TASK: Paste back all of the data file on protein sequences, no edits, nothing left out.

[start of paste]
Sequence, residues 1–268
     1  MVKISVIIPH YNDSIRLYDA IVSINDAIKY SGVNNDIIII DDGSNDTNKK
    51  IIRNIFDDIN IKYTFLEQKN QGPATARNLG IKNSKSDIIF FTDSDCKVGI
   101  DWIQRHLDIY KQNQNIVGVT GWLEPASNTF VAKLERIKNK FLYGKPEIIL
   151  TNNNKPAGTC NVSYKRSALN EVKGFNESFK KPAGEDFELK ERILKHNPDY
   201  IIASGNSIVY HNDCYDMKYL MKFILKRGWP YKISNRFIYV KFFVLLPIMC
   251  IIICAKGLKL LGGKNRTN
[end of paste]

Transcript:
Sequence, residues 1–268
     1  MVKISVIIPH YNDSIRLYDA IVSINDAIKY SGVNNDIIII DDGSNDTNKK
    51  IIRNIFDDIN IKYTFLEQKN QGPATARNLG IKNSKSDIIF FTDSDCKVGI
   101  DWIQRHLDIY KQNQNIVGVT GWLEPASNTF VAKLERIKNK FLYGKPEIIL
   151  TNNNKPAGTC NVSYKRSALN EVKGFNESFK KPAGEDFELK ERILKHNPDY
   201  IIASGNSIVY HNDCYDMKYL MKFILKRGWP YKISNRFIYV KFFVLLPIMC
   251  IIICAKGLKL LGGKNRTN